Thanks to George R. R. Martin, I'm not the only reader who recently discovered the excellent The Accursed Kings by French author Maurice Druon. Having enjoyed The Iron King, I couldn't wait to read the second installment. And with volumes three and four on their way, this is not the last time you'll read about this series on the Hotlist! The Strangled Queen begins right where The Iron King ended and it's nearly as good as its predecessor.
Here's the blurb:
The King is dead. Long live the King. Philip IV is dead and his great kingdom is in disarray. It seems the fatal curse of the Templars is plaguing the royal house of France. His son has been enthroned as Louis X; but with his disgraced wife Marguerite imprisoned in the Chateau Gaillard for her adultery, Louis can produce no heir with which to secure the succession. But neither can he marry again while she lives… The web of scandal, murder and intrigue that once wove itself around the court of the Iron King continues to draw in his descendants, as the destruction of his dynasty continues apace.
With Philip the Fair's death, the crown passed on to Monseigneur Louis, a weak cuckolded husband unable to control the factions fighting bitterly at court for power and prestige. As famine plunges the kingdom into chaos, can King Louis X manage to hold in balance the infighting between the ambitious rivals, or will this conflict bring France on the brink of collapse? Once more, Maurice Druon demonstrates that he has an incredible eye for historical details and his narrative truly comes alive as you read along.
As was the case with The Iron King and will likely be the case for every single installment in this series, I found the translation to be very good. Again, it is at times literal and that can create occasional odd turns of phrase. Instead of relying on info-dumps, the author opted for footnotes sending you to the back of the book for more historical background and clarification. This maintains a fluid pace throughout the novel, and once again one reaches the end of this 280-page work in the blink of an eye. My only complaint about these books would be that they are too short.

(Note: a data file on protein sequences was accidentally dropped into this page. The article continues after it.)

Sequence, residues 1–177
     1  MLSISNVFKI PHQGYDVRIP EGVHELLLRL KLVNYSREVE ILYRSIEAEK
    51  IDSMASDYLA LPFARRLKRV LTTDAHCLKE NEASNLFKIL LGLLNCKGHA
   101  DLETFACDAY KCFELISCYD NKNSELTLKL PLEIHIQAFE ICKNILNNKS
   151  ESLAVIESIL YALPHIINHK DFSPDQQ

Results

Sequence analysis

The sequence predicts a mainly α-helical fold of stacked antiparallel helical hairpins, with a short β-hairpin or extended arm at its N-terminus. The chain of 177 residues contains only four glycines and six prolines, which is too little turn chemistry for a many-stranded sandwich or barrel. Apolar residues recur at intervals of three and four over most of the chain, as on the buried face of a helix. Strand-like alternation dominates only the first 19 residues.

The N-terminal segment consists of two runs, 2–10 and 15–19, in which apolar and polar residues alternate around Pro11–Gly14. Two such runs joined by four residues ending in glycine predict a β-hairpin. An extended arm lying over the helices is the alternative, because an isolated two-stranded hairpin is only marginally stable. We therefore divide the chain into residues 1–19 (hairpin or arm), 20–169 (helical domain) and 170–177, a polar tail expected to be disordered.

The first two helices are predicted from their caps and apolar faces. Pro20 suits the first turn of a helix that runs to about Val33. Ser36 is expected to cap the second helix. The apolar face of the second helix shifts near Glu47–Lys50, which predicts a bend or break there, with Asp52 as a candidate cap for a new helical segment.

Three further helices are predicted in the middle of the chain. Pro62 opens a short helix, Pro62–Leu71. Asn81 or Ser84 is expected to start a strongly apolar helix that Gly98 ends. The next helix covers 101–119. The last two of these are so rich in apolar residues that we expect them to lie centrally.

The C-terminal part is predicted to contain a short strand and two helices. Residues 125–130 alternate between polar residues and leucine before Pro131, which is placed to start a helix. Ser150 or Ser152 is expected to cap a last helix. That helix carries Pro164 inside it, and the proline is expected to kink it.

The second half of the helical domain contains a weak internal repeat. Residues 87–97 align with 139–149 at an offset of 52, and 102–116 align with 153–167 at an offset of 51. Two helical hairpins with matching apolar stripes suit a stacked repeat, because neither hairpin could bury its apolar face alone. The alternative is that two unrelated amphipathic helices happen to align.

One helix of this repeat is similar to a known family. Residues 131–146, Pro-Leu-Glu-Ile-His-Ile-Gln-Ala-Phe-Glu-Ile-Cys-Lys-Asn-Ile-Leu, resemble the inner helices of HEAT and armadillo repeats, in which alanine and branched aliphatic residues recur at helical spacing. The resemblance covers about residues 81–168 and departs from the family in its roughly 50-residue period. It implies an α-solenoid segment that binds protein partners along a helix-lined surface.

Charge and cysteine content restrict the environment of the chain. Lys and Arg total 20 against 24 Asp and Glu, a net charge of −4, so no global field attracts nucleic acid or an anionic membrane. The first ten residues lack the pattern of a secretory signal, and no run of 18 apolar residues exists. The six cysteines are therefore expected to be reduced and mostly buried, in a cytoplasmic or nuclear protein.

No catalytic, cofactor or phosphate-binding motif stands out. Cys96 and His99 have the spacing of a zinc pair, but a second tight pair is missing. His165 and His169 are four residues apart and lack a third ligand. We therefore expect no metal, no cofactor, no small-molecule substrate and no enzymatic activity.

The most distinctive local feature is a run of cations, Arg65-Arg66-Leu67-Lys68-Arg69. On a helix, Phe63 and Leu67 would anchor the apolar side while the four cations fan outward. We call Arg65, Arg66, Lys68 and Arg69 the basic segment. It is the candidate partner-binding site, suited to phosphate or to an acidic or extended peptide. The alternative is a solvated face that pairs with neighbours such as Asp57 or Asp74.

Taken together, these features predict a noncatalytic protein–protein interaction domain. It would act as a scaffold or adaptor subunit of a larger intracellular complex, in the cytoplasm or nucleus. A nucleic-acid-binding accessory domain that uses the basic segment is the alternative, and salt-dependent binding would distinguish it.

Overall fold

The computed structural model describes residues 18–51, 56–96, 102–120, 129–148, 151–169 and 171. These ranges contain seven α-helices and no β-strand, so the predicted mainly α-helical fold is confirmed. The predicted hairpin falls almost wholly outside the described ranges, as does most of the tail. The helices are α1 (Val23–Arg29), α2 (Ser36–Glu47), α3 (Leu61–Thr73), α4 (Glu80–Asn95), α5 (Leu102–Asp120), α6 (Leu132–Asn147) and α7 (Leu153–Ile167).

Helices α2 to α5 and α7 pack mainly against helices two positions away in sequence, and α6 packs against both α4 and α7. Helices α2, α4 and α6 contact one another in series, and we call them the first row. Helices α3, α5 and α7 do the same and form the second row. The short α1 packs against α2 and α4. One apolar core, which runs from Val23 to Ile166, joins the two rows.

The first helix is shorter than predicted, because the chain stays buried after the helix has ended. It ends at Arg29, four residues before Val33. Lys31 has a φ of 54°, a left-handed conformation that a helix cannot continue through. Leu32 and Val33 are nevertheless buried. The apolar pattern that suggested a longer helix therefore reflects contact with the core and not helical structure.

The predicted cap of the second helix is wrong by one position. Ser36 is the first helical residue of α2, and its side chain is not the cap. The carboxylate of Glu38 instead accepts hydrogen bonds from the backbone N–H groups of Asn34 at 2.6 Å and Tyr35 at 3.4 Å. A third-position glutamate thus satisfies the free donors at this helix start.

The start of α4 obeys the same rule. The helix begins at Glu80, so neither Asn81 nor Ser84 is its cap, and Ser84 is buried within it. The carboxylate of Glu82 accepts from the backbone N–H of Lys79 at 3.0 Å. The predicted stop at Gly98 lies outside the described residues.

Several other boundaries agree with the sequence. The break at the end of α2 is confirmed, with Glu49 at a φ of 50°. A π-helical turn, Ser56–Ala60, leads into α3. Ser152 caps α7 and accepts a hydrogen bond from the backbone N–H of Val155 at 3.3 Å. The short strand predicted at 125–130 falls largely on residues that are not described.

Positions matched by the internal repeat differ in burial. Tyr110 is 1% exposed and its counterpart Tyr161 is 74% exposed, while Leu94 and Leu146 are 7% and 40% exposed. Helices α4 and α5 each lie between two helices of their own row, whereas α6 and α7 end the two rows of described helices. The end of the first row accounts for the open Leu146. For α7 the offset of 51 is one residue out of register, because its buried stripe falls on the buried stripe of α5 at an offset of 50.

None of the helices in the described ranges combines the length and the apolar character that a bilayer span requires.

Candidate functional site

The structure of the novel revolves around a number of disparate POVs which allows readers to witness events through the eyes of a variety of protagonists. This generates more emotional impact, as you see the web of scandal and intrigue which weaves itself around the French king and his entourage from both sides of the conflict. This is especially true with the POVs of both Marguerite and Marigny. As was the case with the first volume, the often amusing POV of Guccio Baglioni helps create a bit of a balance with the darker elements of the main story arc.
With family rivalries, politicking, betrayals and back-stabbings, ASOIAF fans will find a lot to love about Maurice Druon's The Accursed Kings. And considering that The Strangled Queen was also first published in 1955, the novel has aged quite well and is as easy to read as any contemporary novels being published today.
If you'd like to give this series a shot, the digital edition of The Iron King can still be downloaded for only 1.99$ here.